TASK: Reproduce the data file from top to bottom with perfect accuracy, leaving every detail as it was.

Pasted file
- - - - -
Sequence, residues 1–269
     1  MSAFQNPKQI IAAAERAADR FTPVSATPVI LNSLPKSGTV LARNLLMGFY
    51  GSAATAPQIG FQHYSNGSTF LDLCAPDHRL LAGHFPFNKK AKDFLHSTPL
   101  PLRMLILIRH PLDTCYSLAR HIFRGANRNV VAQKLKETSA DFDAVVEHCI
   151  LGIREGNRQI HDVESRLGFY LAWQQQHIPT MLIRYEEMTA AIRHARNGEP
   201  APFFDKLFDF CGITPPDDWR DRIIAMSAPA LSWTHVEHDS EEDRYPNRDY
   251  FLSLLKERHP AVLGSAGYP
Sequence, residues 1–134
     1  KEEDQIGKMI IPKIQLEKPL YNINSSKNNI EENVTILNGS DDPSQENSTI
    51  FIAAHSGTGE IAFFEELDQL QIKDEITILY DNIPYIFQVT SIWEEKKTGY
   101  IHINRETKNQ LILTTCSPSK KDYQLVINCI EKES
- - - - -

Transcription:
Sequence, residues 1–269
     1  MSAFQNPKQI IAAAERAADR FTPVSATPVI LNSLPKSGTV LARNLLMGFY
    51  GSAATAPQIG FQHYSNGSTF LDLCAPDHRL LAGHFPFNKK AKDFLHSTPL
   101  PLRMLILIRH PLDTCYSLAR HIFRGANRNV VAQKLKETSA DFDAVVEHCI
   151  LGIREGNRQI HDVESRLGFY LAWQQQHIPT MLIRYEEMTA AIRHARNGEP
   201  APFFDKLFDF CGITPPDDWR DRIIAMSAPA LSWTHVEHDS EEDRYPNRDY
   251  FLSLLKERHP AVLGSAGYP
Sequence, residues 1–134
     1  KEEDQIGKMI IPKIQLEKPL YNINSSKNNI EENVTILNGS DDPSQENSTI
    51  FIAAHSGTGE IAFFEELDQL QIKDEITILY DNIPYIFQVT SIWEEKKTGY
   101  IHINRETKNQ LILTTCSPSK KDYQLVINCI EKES